Uganda makes progress to spread FMNR
June 18, 2015
When we visited Uganda in 2012, we were shocked by the widespread environmental degradation/deforestation and the resulting flooding and loss of topsoil. From 2009 to 2014, the forest cover in Uganda decreased from 18% to 15% due mainly to clearing for agricultural land, firewood and charcoal production.
Since 2013, the FMNR for East Africa project in Uganda has continued to work with communities, and existing organisations including 31 primary schools, 42 farmers groups, 14 youth groups, non-government organisations and media. This has resulted in FMNR being practiced on at least 2,350 ha and by at least 2,989 people across six World Vision programs. These figures do not include work done by other organisations, which may well be significant.
Children in school environmental clubs rapidly embrace FMNR. The story of Noelina from World Vision Uganda’s FMNR 2014 Annual Report is one example. Noelina persuaded her mother to prune trees on her farm instead of felling them. Leaving the trees has allowed them to harvest medicinal herbs and poles for construction.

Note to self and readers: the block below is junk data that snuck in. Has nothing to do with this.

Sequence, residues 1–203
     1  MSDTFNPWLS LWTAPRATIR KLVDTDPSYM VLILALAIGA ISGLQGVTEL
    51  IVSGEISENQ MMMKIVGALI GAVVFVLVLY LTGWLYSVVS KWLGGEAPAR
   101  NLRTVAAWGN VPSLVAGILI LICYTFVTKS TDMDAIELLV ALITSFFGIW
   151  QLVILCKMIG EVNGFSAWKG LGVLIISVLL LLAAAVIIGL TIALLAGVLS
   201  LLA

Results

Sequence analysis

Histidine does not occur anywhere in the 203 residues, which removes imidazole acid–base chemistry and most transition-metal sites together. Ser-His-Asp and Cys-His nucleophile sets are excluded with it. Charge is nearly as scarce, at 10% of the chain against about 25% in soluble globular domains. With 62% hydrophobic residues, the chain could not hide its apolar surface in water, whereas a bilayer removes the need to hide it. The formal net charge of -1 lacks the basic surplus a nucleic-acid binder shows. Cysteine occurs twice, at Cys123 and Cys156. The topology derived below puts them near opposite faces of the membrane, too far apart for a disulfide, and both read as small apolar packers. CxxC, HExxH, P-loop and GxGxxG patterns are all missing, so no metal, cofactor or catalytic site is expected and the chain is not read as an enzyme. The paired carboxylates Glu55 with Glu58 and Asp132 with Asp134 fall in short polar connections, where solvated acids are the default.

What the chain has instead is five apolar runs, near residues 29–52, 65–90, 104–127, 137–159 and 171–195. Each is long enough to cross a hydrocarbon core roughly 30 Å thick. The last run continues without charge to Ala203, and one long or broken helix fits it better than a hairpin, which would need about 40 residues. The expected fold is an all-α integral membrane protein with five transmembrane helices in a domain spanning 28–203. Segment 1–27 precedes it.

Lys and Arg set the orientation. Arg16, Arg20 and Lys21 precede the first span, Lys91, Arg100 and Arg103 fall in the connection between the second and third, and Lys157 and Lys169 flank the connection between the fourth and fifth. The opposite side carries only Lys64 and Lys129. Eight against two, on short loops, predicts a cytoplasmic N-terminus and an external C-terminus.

The FMNR work within World Vision has been strengthened by strong support from senior leadership. FMNR is to be rolled out in all World Vision Uganda programs and the National Director has a vision for spreading it beyond World Vision’s current operational areas.
In July 2014, a National FMNR conference was held in Kampala including government and non-government organisations. There was a strong desire to form a national network and nine organisations volunteered to form a task force to establish the network.
This task force has met regularly and prepared a constitution, a strategy and a proposal for funding and on 4thJune, 2015, we were privileged to be present for the launch of the network and election of the steering committee. One of the most exciting aspects was that other organisations are clearly already implementing FMNR and were eager to accept the responsibilities involved by accepting positions on the steering committee.
We are in Tanzania now and already have some encouraging news which I will share next time